Cameron Bailey on the spotlight
If you’ve watched any critically acclaimed movie in the past five years, there’s a good chance it premiered at the Toronto international film festival (TIFF). Heralded in some quarters as the most important film festival in the world, TIFF has premiered countless oscar winners, blockbusters and cult favourites to hundreds of thousands of people each year. The man responsible for deciding who makes the cut is Cameron Bailey, TIFF’s artistic director for the past four years.
-By Anthony James O’Dell
I got a chance to chat with him about what’s next in film, what makes a great movie and what some of the biggest issues are that affect the film industry today.
Most people associate entertainment with becoming an actor or actress; what made you want to become a critic? When I was a kid, I liked books more than I liked movies. I’d spend most of my weekends in the library exploring new books and stories. It wasn’t until I was in university that I really got into film. I got excited about what movies could do beyond entertain;I looked at how movies could get you thinking and challenge your beliefs and express ideas. I began writing about that. I wrote for my campus newspaper,The Western Gazette. When I graduated, it just seemed like a natural thing to do (write about movies). I got job at NOW Magazine as a film critic and I liked that because it allowed me to not only talk about the films I liked, but express the ideas in the films, too.
You came from the West Indies and are known for having a strong sense of heritage. What do you think needs to happen for directors and producers of different ethnicities to get high profile roles outside of actors/actresses?The good news is there are more directors getting recognition (people like Barry Jenkins, who made Moonlight, expected to be one of the top films of the year at polls/awards). I think audiences need to keep asking for the stories they want to see. People find entertainment in the stories that mean the most to them. I think that they should start asking for what they’re into from the movie companies (exhibitors and distributors) because those big corporations don’t always think there are enough people to see black/LGBT stories and the fact is, there is an audience.We’re seeing this with television as well, TV programs are often more direct now than feature films, and I think there’s progress being made. The more that decision-makers are aware of the value of inclusion,and the business value of it as well, by reaching more people with what they’re most interested in, the more you’ll see a more diverse range of work out there.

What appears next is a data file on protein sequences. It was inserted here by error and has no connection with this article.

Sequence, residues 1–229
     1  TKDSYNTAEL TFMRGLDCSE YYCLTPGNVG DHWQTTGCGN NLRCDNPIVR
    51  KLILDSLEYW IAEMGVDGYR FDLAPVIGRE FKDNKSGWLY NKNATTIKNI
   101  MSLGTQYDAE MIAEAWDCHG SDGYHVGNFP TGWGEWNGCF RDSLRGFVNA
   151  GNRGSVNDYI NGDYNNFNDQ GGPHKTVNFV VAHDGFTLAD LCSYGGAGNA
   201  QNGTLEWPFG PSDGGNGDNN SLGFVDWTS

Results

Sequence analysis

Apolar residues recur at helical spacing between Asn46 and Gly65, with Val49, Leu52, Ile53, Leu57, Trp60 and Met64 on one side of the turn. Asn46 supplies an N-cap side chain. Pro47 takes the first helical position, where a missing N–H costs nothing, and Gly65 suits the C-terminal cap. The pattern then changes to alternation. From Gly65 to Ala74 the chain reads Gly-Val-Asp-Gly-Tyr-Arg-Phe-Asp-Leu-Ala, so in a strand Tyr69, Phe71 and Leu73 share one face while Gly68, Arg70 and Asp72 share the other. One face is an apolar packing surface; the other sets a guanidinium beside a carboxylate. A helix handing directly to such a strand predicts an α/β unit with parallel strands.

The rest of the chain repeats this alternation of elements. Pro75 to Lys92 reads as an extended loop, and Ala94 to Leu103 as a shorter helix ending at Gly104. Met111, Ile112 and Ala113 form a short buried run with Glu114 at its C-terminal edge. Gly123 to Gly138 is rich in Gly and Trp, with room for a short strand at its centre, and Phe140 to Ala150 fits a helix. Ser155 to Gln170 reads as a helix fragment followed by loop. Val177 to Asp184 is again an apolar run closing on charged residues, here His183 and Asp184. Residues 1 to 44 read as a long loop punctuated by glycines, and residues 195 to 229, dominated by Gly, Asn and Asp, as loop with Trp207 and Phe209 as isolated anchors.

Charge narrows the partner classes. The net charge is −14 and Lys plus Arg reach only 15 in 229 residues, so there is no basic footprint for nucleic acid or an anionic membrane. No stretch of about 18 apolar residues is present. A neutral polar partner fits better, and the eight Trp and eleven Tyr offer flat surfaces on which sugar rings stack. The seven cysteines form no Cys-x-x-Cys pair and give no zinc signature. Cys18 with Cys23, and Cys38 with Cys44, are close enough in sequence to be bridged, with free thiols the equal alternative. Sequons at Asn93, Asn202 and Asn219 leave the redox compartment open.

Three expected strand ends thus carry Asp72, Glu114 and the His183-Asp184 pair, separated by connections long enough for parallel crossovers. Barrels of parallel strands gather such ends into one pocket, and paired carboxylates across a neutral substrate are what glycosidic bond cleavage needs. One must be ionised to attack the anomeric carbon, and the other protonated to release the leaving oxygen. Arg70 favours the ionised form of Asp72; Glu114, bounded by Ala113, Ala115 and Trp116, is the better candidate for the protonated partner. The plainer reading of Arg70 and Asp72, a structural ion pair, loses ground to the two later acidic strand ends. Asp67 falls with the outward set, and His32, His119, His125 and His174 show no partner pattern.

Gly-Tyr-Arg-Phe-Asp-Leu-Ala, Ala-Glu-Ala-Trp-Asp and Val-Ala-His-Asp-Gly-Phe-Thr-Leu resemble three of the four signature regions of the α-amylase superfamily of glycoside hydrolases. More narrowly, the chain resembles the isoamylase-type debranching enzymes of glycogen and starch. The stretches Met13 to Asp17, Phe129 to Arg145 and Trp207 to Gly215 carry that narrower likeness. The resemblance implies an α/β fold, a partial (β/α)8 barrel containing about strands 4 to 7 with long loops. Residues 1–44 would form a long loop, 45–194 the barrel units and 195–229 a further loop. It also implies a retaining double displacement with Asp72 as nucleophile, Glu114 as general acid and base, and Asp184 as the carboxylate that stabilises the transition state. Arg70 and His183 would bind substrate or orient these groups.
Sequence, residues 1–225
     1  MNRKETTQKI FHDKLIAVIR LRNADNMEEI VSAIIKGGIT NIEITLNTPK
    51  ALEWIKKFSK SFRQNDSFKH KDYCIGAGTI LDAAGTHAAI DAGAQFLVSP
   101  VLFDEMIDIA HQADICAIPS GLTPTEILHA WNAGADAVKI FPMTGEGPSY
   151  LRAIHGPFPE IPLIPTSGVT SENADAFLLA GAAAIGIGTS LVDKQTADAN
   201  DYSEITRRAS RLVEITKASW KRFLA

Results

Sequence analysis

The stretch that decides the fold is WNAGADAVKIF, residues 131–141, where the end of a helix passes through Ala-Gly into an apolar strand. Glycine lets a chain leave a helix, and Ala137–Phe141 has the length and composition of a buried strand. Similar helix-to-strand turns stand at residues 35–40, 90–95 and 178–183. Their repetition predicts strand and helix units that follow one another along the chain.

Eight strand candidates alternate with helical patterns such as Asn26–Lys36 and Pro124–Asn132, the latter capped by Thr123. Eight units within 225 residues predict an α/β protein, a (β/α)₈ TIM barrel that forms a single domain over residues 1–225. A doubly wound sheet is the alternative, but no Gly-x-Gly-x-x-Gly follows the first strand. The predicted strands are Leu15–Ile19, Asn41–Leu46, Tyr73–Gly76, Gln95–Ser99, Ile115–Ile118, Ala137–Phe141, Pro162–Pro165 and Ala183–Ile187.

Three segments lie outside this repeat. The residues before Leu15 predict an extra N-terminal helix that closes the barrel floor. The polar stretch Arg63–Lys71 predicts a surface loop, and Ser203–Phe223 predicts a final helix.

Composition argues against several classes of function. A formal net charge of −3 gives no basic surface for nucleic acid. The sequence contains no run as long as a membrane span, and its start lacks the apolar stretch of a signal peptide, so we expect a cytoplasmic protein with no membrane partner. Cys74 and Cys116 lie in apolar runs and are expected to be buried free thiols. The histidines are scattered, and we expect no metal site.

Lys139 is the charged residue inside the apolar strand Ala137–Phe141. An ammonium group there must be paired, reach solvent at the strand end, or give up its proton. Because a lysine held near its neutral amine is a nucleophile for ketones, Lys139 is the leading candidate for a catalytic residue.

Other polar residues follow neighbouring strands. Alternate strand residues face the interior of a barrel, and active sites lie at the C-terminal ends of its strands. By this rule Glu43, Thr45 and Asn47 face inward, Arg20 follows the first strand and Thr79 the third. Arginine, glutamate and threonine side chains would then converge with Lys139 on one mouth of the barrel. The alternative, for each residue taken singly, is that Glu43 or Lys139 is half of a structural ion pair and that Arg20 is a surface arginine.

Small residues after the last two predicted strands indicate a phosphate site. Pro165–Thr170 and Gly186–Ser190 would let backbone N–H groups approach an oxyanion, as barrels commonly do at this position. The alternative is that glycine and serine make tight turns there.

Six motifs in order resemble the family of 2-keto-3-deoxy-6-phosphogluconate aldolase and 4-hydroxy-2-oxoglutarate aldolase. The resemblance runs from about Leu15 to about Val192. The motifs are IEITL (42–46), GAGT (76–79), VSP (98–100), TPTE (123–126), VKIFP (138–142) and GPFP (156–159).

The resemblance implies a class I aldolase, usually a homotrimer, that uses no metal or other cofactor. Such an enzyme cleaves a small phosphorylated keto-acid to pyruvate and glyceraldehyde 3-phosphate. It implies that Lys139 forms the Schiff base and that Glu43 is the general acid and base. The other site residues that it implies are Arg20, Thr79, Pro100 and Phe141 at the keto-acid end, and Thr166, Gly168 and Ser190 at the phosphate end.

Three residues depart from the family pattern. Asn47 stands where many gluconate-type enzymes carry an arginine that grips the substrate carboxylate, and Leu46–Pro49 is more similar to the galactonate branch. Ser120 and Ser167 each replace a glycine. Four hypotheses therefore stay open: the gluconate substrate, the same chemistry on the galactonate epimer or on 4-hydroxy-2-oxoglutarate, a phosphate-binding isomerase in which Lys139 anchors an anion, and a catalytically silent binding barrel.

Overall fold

I’ve read that you think there’s a decline in film criticism,although it’s not necessarily good or bad. What do you think this means for the film industry?I think we’re in an era now where most of us don’t want to be told what’s good, whether that’s a movie, a restaurant, a song, etc.We want to discover that for ourselves. It does help to have some way to pick what to choose from, but I don’t think having a critic telling you this is the best album of the year is necessarily going to be as followed as it used to be. There’s a lot of other ways to find the stuff you want to consume. What I do think happens when critics lose some of that authority is that it becomes necessary to take some of that out. We’re not telling people that this is the best film based on a personal opinion, we’re curating a group of films that are all very strong, but that speak to different audiences in different ways. Our audience can then choose from that. I think the idea of curation is still very important,it’s just become more democratized.